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policy. most academically successful. of this fifty percent. Green. doctoral students are considered to be among the “most academically capable. and injurious to an institution’s reputation (Bowen & Rudenstine. A concomitant interest is 4 . 2000. attrition from doctoral programs is estimated at approximately fifty percent. with more than one and a half million students enrolled in graduate programs (Baird. most stringently evaluated. from forty to sixty percent of students who begin their doctoral studies do not persist to graduation (Bowen & Rudenstine. Why doctoral student fail to meet their academic goals and leave programs prior to degree completion has long been a focus of researchers’ attention. 1993). 1997). 1993). 2000. 1992. 2000) and results in a loss of high-level resources (Tinto. Johnson. and most carefully selected in the entire higher education system” (Golde. & Kluever. Furthermore. Approximately one fifth are graduate students pursuing doctoral degrees (Geiger. The high dropout rate among doctoral students seems incongruous given the importance of doctoral study to research. 1993). 1993). Nolan. p. 1990). Cesari. about twenty percent give up at the dissertation stage (Bowen & Rudenstine. Tinto. In addition. In educational majors. 199). Tinto. education.Chapter 1 INTRODUCTION Statement of the Problem Graduate education is a major part of American higher education. Out of this number. leadership and professional practice. Failure at this point is not only painful and expensive for a student. but also discouraging for faculty involved. 1992. High failure rate and the ever increasing time to degree is reported as a chronic problem in doctoral education (Lovitts & Nelson. 1999. 1992.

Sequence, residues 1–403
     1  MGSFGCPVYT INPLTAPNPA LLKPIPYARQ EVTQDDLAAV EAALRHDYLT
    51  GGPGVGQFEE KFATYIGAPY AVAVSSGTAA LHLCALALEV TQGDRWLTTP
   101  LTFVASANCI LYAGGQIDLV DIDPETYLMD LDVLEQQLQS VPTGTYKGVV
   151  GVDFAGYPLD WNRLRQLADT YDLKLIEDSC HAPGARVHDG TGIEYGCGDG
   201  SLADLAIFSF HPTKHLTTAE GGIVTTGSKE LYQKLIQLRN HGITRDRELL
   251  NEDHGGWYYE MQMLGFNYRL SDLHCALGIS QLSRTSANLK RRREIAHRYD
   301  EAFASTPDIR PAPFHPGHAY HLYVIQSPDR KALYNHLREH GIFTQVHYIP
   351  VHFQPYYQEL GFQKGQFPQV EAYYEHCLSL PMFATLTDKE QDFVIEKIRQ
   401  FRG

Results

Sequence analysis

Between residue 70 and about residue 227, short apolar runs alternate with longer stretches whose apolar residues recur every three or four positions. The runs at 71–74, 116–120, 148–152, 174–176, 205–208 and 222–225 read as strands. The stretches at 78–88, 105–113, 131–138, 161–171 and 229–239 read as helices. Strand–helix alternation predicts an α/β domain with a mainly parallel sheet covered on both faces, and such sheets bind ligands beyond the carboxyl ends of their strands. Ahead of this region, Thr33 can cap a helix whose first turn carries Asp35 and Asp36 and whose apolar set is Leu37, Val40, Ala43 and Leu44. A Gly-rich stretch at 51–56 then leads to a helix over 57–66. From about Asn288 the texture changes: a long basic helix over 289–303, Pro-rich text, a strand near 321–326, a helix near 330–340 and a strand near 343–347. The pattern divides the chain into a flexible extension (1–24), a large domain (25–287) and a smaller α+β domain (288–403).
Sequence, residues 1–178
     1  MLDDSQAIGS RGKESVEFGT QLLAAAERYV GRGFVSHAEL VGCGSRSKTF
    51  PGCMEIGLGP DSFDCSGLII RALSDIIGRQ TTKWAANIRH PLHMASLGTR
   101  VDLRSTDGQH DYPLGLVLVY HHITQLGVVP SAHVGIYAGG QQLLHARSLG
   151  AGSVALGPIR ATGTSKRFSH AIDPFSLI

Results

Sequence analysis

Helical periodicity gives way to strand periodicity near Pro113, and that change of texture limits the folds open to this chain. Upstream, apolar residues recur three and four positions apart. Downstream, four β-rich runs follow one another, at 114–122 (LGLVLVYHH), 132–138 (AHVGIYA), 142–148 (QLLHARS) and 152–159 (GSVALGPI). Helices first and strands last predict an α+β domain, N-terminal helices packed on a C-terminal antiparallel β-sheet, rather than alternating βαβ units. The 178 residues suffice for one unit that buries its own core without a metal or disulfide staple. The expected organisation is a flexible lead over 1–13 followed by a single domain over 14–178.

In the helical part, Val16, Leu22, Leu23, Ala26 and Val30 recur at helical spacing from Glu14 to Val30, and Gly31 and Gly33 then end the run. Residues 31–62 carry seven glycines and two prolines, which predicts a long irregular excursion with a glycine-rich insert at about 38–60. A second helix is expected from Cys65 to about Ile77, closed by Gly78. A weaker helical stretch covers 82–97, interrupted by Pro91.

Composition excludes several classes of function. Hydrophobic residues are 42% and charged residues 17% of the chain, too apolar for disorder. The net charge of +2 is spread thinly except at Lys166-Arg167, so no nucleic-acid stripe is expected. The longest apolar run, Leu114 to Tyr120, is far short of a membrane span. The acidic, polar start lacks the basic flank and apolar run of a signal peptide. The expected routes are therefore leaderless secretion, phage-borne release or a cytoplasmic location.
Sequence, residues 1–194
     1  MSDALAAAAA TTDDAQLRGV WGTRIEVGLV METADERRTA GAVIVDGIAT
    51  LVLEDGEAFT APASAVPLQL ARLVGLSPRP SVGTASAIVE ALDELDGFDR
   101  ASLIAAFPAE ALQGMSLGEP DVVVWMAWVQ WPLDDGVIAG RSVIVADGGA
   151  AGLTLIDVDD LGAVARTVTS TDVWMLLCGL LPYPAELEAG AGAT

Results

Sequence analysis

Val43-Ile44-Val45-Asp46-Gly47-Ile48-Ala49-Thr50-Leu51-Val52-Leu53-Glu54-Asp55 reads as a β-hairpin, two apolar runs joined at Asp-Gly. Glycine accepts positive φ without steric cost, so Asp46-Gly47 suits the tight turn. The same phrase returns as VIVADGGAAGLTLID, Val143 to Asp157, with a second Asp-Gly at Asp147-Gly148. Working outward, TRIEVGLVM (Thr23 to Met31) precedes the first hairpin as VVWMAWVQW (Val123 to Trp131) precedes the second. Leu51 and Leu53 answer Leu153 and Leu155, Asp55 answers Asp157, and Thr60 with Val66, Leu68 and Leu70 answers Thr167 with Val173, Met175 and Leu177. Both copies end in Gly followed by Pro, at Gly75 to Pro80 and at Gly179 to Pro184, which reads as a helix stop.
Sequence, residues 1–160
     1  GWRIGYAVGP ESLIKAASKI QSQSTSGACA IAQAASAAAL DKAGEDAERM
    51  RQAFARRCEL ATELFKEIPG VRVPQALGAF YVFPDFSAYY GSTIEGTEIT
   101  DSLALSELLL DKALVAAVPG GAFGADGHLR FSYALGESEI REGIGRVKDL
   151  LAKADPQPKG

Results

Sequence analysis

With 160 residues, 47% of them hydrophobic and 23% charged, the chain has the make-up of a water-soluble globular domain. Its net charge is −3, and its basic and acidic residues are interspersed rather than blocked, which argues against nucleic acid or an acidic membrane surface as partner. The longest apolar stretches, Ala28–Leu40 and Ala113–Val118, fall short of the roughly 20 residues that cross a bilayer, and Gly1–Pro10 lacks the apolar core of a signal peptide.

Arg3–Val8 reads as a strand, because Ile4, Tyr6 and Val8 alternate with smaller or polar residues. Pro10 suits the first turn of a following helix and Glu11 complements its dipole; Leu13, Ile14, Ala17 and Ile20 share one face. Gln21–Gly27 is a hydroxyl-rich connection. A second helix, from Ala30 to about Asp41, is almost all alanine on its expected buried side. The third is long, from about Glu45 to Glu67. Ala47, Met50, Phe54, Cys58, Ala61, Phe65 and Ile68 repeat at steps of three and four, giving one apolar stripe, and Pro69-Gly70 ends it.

There is much less research on doctoral student attrition and persistence in Distance Education (DE). Simonson. In many ways. Golde. i. the ability and desire of doctoral students to persist in their academic programs throughout the successful completion of their degrees.doctoral student persistence. The DE student population is composed of mainly part-time adult students. especially via asynchronous means. Further. e. DE has become a pronounced and viable alternative to the traditional higher education face-to-face classroom mode in selected areas of graduate education. It provides participants great flexibilities for learning opportunities because of being location and time free. Thompson. These students tend to be more vulnerable to factors encroaching on their academic progress because their school- 5 . using distance learning methods (Finke. 1996. 1989). it tends to cultivate a distinctly different student population. 2000). 2000. DE.. particularly computer-mediated asynchronous learning (CMAL) environments (Tinto. & Zvacek. 2001. Kowalik. 1999. allows for and facilitates maximum involvement by all participants. 1996. 1995. Holmberg. family. locally or at a distance. Generally they have numerous and demanding commitments to work. 1998). course design. Many studies have been done to understand aspects of attrition or reasons for persistence of doctoral students (Bair & Haworth. and seek ‘career-friendly’ courses. Haworth. Smaldino. and social lives. Albright. It obviates the artificial barriers to learning created by restricted class time and specific location. Although learning via distance. Instead of conventional constraints imposed by schedules for classes. with the help of interactive technology is a fairly new phenomenon in education. 1998). and instructional technique (Moore & Kearsley. DE using CMAL is different from a conventional educational setting.